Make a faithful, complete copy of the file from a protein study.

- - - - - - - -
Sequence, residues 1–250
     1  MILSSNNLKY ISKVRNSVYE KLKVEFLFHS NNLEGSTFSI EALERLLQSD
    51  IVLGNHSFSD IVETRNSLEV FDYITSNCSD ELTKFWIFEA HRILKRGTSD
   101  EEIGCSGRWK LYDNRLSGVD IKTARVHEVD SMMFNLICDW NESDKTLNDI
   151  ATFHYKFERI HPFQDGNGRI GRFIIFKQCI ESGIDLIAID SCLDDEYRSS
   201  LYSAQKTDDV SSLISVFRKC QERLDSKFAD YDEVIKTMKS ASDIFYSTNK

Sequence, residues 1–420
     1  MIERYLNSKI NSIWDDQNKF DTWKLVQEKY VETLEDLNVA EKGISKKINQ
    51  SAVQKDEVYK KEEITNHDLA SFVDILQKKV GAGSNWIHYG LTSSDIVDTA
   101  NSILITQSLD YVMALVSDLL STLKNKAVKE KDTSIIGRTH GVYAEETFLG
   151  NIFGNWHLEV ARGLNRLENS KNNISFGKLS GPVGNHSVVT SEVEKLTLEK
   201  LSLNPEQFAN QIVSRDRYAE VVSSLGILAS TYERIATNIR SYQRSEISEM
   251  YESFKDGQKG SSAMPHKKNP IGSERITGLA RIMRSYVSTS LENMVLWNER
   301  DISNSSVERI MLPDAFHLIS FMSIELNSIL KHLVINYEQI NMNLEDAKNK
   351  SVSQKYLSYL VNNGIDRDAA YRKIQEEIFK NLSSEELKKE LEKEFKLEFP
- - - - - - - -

Sequence, residues 1–250
     1  MILSSNNLKY ISKVRNSVYE KLKVEFLFHS NNLEGSTFSI EALERLLQSD
    51  IVLGNHSFSD IVETRNSLEV FDYITSNCSD ELTKFWIFEA HRILKRGTSD
   101  EEIGCSGRWK LYDNRLSGVD IKTARVHEVD SMMFNLICDW NESDKTLNDI
   151  ATFHYKFERI HPFQDGNGRI GRFIIFKQCI ESGIDLIAID SCLDDEYRSS
   201  LYSAQKTDDV SSLISVFRKC QERLDSKFAD YDEVIKTMKS ASDIFYSTNK

Sequence, residues 1–420
     1  MIERYLNSKI NSIWDDQNKF DTWKLVQEKY VETLEDLNVA EKGISKKINQ
    51  SAVQKDEVYK KEEITNHDLA SFVDILQKKV GAGSNWIHYG LTSSDIVDTA
   101  NSILITQSLD YVMALVSDLL STLKNKAVKE KDTSIIGRTH GVYAEETFLG
   151  NIFGNWHLEV ARGLNRLENS KNNISFGKLS GPVGNHSVVT SEVEKLTLEK
   201  LSLNPEQFAN QIVSRDRYAE VVSSLGILAS TYERIATNIR SYQRSEISEM
   251  YESFKDGQKG SSAMPHKKNP IGSERITGLA RIMRSYVSTS LENMVLWNER
   301  DISNSSVERI MLPDAFHLIS FMSIELNSIL KHLVINYEQI NMNLEDAKNK
   351  SVSQKYLSYL VNNGIDRDAA YRKIQEEIFK NLSSEELKKE LEKEFKLEFP